Friday, October 4, 2019

Joker [2019]

MPAA (R)  CNS/USCCB (L) (2 Stars)  AVClub (B-)  Fr. Dennis (3 1/2 Stars)

IMDb listing
CNS/USCCB (K. Jensen) review
Los Angeles Times (J. Chang) review (G. Kenny) review
AVClub (A.A. Dowd) review 

Joker [2019] (directed by Todd Phillips, screenplay by Todd Phillips and Scott Silver) offers an appropriately dark (and rather credible) origin story for The Joker [DCC] [Wikip] [IMDb] (played in this film by Joaquin Phoenix) among most unforgettable American comic book super-villains of all time.

Troubled little man, Arthur Fleck (Joaquin Phoenix) -- "fleck" literally means "spot" or "stain" in many central European languages, including German -- tries to make the best of his hard, little life in the troubled, timeless, fallen New York City-inspired Gotham (the people of Gotham drive 1960s-70s era cars, use smart phones, 1970-80s era answering machines and watch 1930s era Charlie Chaplin movies...). 

Brought-up by his similarly beaten-down by life, cheated-upon, abused, single mom (not by choice), "worth no more than change," Penny (played by Frances Conroy) for whom Arthur had been the one source of at least some joy in her life ("he was always such a happy boy...") and then told by said mom to "keep putting on a happy face," Arthur ekes out a living as a "clown for hire" ... and suffers ALL the indignities of being dressed as a clown in a hard / cynical town that is NOT laughing (except at someone's expense) ... and he becomes ... well what can anybody expect?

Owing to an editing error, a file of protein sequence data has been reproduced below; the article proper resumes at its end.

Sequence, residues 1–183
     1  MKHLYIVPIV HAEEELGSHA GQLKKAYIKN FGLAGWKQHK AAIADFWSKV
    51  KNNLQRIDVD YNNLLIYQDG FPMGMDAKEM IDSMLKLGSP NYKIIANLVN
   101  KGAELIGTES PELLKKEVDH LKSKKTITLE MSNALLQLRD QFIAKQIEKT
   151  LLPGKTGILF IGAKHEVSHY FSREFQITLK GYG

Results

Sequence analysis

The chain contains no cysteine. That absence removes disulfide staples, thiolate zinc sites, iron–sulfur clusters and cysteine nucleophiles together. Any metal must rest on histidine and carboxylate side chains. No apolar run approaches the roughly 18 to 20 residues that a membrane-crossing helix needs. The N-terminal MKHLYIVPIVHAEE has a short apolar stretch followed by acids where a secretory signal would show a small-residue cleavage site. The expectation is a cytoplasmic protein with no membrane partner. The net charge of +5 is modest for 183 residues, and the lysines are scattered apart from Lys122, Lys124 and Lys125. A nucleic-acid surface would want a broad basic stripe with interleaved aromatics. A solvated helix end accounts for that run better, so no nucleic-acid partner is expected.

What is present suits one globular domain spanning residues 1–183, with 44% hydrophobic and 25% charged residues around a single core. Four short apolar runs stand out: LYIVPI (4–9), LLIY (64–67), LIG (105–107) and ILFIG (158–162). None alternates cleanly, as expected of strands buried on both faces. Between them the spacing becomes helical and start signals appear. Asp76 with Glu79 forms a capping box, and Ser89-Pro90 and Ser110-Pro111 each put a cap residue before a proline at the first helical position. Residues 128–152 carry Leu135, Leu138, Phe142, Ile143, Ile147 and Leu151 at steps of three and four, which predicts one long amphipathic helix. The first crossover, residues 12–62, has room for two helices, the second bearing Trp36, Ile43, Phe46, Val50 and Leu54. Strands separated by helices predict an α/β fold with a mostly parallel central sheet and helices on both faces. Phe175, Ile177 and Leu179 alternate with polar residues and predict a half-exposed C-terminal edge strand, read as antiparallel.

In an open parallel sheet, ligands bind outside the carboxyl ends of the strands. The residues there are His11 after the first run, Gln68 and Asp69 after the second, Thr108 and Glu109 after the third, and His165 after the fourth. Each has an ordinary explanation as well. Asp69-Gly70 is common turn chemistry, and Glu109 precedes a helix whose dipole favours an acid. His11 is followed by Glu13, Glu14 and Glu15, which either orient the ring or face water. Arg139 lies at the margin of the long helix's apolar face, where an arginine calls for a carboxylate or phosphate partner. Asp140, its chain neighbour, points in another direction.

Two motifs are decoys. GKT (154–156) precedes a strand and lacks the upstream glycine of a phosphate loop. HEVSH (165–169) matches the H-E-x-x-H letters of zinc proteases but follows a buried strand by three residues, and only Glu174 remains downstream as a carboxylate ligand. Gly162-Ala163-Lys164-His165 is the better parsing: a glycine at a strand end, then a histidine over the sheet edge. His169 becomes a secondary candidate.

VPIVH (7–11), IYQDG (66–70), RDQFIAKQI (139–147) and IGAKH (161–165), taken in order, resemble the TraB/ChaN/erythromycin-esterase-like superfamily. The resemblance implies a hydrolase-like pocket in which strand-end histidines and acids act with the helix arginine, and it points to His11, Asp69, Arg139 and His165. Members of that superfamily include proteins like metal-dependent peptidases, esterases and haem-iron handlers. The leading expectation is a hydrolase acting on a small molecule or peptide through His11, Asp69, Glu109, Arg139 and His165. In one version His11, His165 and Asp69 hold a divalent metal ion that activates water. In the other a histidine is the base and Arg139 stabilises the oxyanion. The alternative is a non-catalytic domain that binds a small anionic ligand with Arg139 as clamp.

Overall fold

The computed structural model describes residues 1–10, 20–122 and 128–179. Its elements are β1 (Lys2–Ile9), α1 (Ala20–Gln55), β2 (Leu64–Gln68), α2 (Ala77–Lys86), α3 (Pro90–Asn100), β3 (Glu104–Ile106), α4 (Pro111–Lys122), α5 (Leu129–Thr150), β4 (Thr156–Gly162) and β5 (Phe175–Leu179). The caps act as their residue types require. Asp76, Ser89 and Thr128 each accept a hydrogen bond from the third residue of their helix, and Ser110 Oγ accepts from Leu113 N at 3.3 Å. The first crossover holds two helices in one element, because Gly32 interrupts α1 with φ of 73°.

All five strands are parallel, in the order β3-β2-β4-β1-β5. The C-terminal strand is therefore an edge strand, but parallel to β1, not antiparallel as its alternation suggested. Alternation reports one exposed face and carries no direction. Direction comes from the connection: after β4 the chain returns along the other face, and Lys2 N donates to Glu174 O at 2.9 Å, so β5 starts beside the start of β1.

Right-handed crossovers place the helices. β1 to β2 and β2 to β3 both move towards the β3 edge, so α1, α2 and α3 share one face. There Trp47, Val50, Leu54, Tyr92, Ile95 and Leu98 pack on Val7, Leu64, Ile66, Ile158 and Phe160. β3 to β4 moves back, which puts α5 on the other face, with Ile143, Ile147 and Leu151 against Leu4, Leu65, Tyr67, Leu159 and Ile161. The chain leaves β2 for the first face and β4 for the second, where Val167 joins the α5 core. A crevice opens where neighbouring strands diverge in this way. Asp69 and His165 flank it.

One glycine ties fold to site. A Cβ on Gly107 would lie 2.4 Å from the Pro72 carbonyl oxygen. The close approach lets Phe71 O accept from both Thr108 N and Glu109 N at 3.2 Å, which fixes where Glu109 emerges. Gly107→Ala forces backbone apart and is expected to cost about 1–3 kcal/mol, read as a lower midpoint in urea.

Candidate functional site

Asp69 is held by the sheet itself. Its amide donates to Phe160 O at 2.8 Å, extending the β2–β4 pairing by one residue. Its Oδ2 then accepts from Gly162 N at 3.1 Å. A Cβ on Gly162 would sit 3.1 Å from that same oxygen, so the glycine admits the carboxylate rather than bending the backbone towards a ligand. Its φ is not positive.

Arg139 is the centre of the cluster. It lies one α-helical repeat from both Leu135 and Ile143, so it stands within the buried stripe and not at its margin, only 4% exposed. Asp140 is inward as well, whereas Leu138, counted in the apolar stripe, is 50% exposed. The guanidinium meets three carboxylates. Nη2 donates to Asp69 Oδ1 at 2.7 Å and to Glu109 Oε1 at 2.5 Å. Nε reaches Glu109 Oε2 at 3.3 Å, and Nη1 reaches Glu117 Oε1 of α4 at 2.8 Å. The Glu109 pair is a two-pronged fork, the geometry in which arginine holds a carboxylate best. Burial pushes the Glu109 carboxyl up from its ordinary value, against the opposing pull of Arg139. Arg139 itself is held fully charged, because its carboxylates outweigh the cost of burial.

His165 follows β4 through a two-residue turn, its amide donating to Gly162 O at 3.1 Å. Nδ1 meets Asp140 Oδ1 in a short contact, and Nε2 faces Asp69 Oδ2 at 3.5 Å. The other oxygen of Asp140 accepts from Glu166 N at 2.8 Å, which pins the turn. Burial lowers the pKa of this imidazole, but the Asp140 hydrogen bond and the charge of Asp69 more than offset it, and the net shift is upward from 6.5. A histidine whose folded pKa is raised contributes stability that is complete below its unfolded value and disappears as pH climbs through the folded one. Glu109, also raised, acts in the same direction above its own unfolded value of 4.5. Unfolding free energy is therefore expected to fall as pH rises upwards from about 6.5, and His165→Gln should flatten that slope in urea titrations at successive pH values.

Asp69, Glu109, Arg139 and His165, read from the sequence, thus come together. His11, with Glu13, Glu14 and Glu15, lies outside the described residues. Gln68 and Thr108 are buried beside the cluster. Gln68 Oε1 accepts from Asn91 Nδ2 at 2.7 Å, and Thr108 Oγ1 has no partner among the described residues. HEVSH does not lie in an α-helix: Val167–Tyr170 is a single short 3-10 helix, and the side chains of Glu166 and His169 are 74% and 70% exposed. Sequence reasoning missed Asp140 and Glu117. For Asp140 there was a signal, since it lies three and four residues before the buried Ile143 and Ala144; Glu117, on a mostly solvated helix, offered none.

The film makes for an inspired, if yes, dark, character study exposing the cruelty of a society that, well, doesn't give a damn.  Indeed, Robert De Niro, whose breakthrough portrayal of a similarly invisible, troubled titular Taxi Driver [1976] put him, forever, among Hollywood's greats, plays a significant role in the current story, though NOT as another anonymous loser but rather as a Johnny Carson-like "star", whose career actually feeds on the little losers like poor Arthur and Penny Fleck, who religiously stay-up to watch his show even as he largely makes fun of their difficult lives.

Brilliant, if scathing and sad.  Definitely NOT for pre-teens nor for the weak of heart.  But can help us understand some of the madness of our times.

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